The Board finds that the record supports a find that the Veteran has very frequent, prostrating and prolonged attacks that severely impact the Veteran’s ability to work as evidenced by missing work to seek treatment for the migraine headaches.  A rating of 50 percent for migraine headaches is warranted. The 50 percent rating is the maximum rating assignable for migraine headaches. There are no appropriate rating codes that would provide for a higher rating. 
REASONS FOR REMAND
1. Entitlement to service connection for an acquired psychiatric disorder, to include post-traumatic stress disorder (PTSD) and major depressive disorder is remanded.
The Veteran contends that her current psychiatric disorders are related to her military service.  She relates that she was a victim of an in-service personal assault and that she witnessed bombings in Bahrain and feared for her life.  
The Veteran’s private and VA medical records indicate various mental health diagnoses including PTSD, major depressive disorder, and bipolar disorder.  The Board has recharacterized the claim for service connection for an acquired psychiatric disorder, to include PTSD and depression.  Clemons v. Shinseki, 23 Vet. App. 1 (2009).  This alteration is made in recognition of the varying diagnoses of record.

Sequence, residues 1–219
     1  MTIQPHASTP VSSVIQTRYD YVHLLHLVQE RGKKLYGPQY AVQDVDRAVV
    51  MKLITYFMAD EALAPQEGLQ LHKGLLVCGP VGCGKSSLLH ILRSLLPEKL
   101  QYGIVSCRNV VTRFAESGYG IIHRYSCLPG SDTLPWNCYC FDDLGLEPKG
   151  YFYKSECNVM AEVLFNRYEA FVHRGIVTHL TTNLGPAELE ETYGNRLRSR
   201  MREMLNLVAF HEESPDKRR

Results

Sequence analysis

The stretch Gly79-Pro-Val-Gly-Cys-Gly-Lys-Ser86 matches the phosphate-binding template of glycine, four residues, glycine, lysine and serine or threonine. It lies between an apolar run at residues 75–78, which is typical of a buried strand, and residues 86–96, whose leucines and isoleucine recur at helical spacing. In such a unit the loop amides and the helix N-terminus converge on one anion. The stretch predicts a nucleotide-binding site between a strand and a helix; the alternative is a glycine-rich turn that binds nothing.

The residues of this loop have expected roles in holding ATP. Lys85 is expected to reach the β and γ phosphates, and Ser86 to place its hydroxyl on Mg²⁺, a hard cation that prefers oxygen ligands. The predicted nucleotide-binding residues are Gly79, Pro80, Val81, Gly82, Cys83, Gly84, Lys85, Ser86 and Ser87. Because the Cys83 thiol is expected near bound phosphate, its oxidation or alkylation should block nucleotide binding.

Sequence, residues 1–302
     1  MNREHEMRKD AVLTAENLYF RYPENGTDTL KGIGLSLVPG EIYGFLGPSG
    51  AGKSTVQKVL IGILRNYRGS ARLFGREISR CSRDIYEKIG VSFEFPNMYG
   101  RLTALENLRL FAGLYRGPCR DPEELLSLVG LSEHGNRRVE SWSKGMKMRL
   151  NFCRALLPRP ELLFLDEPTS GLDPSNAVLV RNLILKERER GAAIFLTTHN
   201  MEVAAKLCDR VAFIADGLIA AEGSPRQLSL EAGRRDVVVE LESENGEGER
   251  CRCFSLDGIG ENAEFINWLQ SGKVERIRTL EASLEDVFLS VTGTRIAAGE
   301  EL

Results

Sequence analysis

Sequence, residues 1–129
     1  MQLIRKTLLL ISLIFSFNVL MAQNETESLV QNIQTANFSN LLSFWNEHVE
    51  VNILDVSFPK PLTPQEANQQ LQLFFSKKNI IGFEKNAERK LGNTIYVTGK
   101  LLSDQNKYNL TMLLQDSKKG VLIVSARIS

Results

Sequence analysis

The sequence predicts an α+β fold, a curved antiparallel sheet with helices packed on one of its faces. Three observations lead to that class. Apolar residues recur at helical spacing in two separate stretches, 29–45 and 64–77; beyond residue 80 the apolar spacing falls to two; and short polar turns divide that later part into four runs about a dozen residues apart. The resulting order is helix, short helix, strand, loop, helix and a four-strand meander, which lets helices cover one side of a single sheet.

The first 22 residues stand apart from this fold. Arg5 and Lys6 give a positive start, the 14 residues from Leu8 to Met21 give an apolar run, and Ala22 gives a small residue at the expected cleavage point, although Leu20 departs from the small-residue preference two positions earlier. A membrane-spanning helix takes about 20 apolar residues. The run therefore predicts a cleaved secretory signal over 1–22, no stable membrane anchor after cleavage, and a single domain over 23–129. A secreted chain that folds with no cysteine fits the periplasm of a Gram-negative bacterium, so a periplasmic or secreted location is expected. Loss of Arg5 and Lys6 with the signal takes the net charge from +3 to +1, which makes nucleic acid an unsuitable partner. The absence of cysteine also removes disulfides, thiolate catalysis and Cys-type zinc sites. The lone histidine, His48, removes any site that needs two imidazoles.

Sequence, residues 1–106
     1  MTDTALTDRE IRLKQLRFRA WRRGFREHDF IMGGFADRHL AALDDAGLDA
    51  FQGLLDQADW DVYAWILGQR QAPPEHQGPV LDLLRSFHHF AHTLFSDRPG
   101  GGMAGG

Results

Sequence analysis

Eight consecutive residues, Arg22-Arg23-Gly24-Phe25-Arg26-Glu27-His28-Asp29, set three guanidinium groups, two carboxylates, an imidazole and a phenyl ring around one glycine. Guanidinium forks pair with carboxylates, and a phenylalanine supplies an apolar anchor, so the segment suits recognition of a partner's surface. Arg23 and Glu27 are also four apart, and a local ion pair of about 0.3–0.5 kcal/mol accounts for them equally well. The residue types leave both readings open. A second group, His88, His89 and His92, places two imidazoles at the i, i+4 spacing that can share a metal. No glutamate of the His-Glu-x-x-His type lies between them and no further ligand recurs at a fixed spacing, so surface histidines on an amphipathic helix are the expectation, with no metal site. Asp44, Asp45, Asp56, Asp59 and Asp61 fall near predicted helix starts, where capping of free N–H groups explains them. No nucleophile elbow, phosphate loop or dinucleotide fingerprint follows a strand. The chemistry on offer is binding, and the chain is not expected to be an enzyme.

Service connection for PTSD requires medical evidence diagnosing the condition in accordance with 38 C.F.R. § 4.125 (a); a link, established by medical evidence, between current symptoms and an in-service stressor; and credible supporting evidence that the claimed in-service stressor occurred. 38 C.F.R. § 3.304(f). 38 C.F.R. § 4.125(a) requires that diagnoses of mental disorders conform to the Diagnostic and Statistical Manual for Mental Disorders (DSM) as the governing criteria for diagnosing PTSD. The Board notes VA implemented DSM-5, effective August 4, 2014, and such applies to claims certified to the Board on and after August 4, 2014. 79 Fed. Reg. 45, 093, 45,094 (Aug. 4, 2014). As the RO certified the Veteran’s appeal to the Board on April 28, 2016, DSM-5 applies.
At a March 2015 VA examination, the examiner found that the Veteran did not meet the criteria for PTSD under the DSM-5.  The examiner determined that there were no markers to substantiate the Veteran’s claimed in-service personal assault.  The examiner did not address that the Veteran’s report that the assault resulted in a pregnancy, and that the Veteran’s Service Treatment Records (STRs) note that the Veteran was pregnant after the alleged personal assault.  It is also unclear as to why the examiner did not consider the Veteran’s report of being raped and beaten by her husband, while in service, to be a personal assault. Additionally, the examiner did not discuss the Veteran’s fear in Bahrain as an in-service stressor.  The examiner concluded that a PTSD diagnosis could not be confirmed because of reports of preservice and post-service abuse and medical conditions that exacerbate her mental health concerns.  The examiner further determined that the Veteran’s depressive disorder was less likely than not related to her military service.